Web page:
Quote:
Originally Posted by IRS
S corporations are corporations that elect to pass corporate income, losses, deductions and credit through to their shareholders for federal tax purposes. Shareholders of S corporations report the flow-through of income and losses on their personal tax returns and are assessed tax at their individual income tax rates. This allows S corporations to avoid double taxation on the corporate income. S corporations are responsible for tax on certain built-in gains and passive income.
I also think you are both technically correct. The average filer on that list (which may include joint income families and is not the top 400 individual persons) earned ~20% of their AGI from S-corp or partnership income, AKA pass-through income.


However, of more consequence (in my opinion) is the fact that the list is more of a largely random group of one or two-time members. Lotto winners, a sports star with a big signing contract, a huge year for a celebrity or performer, a guy that finally sold the company he worked to build up for 20 years, etc.

That list, for the most part, is not made up of people that make $30 million a year, every year.


Furthermore, the "tax loopholes" that any of them take advantage of seem to be open to everyone who fits the bill. Make $20 million in S-corp pass-through income? You get the same options as the guy that makes $2k as a sole proprietor.

Make $10 million selling IBM stock you inherited from your great grandmother? You get the same tax treatment as the guy that inherited $1k worth.


Earn all of your income through a salary? You obviously don't get the advantages of pass-through income. You also don't have the many negatives of owning a business.

Don't have any long-term capital gains to take? How is that the fault of the guy that bought shares of AAPL in 2009?
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Old 01-04-2012, 03:19 PM   #797
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I think you guys are saying the same thing but don't realize it.





I also think you are both technically correct. The average filer on that list (which may include joint income families and is not the top 400 individual persons) earned ~20% of their AGI from S-corp or partnership income, AKA pass-through income.


However, of more consequence (in my opinion) is the fact that the list is more of a largely random group of one or two-time members. Lotto winners, a sports star with a big signing contract, a huge year for a celebrity or performer, a guy that finally sold the company he worked to build up for 20 years, etc.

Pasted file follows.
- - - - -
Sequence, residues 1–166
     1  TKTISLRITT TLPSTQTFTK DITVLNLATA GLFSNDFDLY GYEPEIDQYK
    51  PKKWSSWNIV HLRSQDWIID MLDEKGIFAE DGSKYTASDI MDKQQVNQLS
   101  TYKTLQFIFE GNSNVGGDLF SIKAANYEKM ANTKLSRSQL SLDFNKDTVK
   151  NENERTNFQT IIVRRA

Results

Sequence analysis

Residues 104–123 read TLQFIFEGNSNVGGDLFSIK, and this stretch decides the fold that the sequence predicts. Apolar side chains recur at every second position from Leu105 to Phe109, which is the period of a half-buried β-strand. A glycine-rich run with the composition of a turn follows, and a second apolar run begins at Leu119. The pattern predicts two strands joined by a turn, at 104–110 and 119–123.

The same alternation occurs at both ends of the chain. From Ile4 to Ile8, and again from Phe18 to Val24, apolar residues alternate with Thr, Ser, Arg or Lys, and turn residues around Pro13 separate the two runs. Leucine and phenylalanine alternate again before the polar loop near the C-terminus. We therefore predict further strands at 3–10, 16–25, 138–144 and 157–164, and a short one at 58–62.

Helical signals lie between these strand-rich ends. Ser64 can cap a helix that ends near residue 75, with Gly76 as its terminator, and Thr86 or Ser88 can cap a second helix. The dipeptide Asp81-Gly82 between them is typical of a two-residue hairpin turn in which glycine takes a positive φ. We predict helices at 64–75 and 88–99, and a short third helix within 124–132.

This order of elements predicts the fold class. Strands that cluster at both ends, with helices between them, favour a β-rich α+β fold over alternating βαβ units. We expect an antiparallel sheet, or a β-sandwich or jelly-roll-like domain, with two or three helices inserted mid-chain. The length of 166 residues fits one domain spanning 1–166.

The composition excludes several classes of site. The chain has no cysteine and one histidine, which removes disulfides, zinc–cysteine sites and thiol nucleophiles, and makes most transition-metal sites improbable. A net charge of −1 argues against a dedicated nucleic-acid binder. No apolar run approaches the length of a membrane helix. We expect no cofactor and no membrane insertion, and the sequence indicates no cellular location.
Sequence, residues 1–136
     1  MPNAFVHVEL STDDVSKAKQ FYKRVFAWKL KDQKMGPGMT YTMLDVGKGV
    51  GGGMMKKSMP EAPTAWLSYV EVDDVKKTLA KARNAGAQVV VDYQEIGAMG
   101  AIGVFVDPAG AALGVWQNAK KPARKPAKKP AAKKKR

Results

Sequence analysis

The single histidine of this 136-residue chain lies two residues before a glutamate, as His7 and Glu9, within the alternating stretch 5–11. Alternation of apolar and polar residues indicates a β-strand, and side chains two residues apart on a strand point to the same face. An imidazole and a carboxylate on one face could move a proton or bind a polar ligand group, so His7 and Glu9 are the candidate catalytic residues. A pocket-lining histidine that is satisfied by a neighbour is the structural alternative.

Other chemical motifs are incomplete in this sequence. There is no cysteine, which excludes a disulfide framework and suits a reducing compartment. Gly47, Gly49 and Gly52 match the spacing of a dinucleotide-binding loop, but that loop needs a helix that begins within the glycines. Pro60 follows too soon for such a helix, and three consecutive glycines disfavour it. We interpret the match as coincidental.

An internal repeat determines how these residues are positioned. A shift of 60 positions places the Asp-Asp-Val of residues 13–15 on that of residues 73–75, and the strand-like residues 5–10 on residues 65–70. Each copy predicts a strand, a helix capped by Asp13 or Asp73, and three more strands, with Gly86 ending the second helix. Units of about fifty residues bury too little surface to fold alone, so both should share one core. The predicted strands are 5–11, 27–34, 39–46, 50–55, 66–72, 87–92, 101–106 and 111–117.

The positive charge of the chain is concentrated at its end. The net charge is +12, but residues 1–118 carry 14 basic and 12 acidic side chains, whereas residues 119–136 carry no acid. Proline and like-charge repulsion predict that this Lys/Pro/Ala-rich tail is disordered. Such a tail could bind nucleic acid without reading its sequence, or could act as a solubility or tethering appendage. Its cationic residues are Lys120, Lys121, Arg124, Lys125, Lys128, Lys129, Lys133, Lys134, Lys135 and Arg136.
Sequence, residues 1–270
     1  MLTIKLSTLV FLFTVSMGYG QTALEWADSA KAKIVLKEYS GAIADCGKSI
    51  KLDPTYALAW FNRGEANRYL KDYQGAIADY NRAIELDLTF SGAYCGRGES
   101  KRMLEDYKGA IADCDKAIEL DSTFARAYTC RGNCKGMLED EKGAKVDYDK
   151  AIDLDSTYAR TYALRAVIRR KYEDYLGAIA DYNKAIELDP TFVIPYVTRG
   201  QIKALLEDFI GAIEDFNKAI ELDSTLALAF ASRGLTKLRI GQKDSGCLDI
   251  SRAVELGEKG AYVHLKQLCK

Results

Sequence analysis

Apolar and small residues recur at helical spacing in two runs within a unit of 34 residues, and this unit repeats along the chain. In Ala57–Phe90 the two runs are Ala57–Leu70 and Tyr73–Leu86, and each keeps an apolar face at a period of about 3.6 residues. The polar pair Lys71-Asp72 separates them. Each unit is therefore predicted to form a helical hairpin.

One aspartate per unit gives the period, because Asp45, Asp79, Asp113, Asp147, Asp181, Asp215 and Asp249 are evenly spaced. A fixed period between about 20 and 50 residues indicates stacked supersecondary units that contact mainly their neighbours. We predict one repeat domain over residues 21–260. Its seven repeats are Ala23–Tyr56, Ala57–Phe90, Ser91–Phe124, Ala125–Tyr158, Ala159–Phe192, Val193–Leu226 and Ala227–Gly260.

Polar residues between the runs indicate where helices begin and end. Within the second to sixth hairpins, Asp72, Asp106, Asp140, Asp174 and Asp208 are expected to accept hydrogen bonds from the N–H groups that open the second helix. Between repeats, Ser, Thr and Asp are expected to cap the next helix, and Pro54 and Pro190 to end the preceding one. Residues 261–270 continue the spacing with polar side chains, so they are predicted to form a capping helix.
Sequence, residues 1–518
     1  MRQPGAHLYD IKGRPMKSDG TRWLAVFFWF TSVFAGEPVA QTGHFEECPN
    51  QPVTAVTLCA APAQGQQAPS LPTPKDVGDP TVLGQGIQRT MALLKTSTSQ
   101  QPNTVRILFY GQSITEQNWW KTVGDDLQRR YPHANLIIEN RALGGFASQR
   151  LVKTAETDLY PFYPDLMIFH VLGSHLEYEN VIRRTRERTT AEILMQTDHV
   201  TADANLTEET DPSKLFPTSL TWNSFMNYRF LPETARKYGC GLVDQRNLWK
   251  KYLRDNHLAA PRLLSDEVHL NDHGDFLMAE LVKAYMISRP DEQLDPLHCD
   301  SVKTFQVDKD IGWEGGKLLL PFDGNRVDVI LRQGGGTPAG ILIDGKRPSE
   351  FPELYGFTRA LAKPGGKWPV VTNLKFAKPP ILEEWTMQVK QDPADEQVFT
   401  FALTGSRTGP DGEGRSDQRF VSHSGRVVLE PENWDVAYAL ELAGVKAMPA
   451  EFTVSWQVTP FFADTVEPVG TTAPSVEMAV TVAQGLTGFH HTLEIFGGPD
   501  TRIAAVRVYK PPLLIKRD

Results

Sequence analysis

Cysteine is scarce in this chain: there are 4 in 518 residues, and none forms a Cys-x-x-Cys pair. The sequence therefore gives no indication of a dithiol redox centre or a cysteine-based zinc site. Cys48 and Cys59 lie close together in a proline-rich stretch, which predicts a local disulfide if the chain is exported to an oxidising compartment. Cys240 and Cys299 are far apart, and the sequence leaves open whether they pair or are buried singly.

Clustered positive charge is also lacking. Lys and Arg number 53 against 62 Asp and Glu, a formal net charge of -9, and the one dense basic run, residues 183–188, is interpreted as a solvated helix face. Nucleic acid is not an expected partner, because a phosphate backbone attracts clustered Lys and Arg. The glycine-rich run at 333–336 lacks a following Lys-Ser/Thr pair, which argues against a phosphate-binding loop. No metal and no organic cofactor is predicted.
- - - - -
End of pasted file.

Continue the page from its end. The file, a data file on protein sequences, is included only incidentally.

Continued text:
That list, for the most part, is not made up of people that make $30 million a year, every year.


Furthermore, the "tax loopholes" that any of them take advantage of seem to be open to everyone who fits the bill. Make $20 million in S-corp pass-through income? You get the same options as the guy that makes $2k as a sole proprietor.

Make $10 million selling IBM stock you inherited from your great grandmother? You get the same tax treatment as the guy that inherited $1k worth.


Earn all of your income through a salary? You obviously don't get the advantages of pass-through income. You also don't have the many negatives of owning a business.

Don't have any long-term capital gains to take? How is that the fault of the guy that bought shares of AAPL in 2009?
I'm sorry Scrappy, but I'm going to have to strongly disagree using Sixshooter's own words.

Quote:
What you have in your top 400 taxpayers is a straw man fallacy. Those will not be individuals but small corporations (sole proprietorships, or S-corps) being taxed as individuals. And being corporations they have operating expenses that can be claimed as tax deductions, thereby lowering their tax rate percentages. We have been over this again and again.
What he's arguing is incompatible with your view.
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Old 01-04-2012, 03:49 PM   #798
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I'm sorry Scrappy, but I'm going to have to strongly disagree using Sixshooter's own words.



What he's arguing is incompatible with your view.
Then it was I, and not he, that was wrong. I know that these s-corps incomes are reported on individual's tax returns and that it skews the numbers regarding the "highest wage earners" that we hear so much banter about. And that these are demagogued as individual incomes that people should not be entitled to keep. And I have read several articles about the misrepresentation of the numbers regarding this information.

I made the erroneous assumption that the top 400 would be made up of these multi-million dollar earning businesses, but forgot the prolific nature of lottery winners and one-time windfalls that would have made the very top of the list. My mistake.